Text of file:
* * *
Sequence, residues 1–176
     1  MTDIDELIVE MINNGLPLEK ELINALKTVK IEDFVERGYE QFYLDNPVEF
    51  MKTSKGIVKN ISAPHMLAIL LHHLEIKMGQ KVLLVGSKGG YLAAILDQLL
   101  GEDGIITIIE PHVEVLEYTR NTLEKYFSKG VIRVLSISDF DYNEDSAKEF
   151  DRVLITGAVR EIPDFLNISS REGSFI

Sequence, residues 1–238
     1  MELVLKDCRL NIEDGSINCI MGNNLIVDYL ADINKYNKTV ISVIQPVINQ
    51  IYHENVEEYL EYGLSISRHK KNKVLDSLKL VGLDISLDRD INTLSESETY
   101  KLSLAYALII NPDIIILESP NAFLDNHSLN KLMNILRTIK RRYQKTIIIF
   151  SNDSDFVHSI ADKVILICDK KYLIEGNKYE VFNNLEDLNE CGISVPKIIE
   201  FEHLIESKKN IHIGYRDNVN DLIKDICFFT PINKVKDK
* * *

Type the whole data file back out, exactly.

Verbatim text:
Sequence, residues 1–176
     1  MTDIDELIVE MINNGLPLEK ELINALKTVK IEDFVERGYE QFYLDNPVEF
    51  MKTSKGIVKN ISAPHMLAIL LHHLEIKMGQ KVLLVGSKGG YLAAILDQLL
   101  GEDGIITIIE PHVEVLEYTR NTLEKYFSKG VIRVLSISDF DYNEDSAKEF
   151  DRVLITGAVR EIPDFLNISS REGSFI

Sequence, residues 1–238
     1  MELVLKDCRL NIEDGSINCI MGNNLIVDYL ADINKYNKTV ISVIQPVINQ
    51  IYHENVEEYL EYGLSISRHK KNKVLDSLKL VGLDISLDRD INTLSESETY
   101  KLSLAYALII NPDIIILESP NAFLDNHSLN KLMNILRTIK RRYQKTIIIF
   151  SNDSDFVHSI ADKVILICDK KYLIEGNKYE VFNNLEDLNE CGISVPKIIE
   201  FEHLIESKKN IHIGYRDNVN DLIKDICFFT PINKVKDK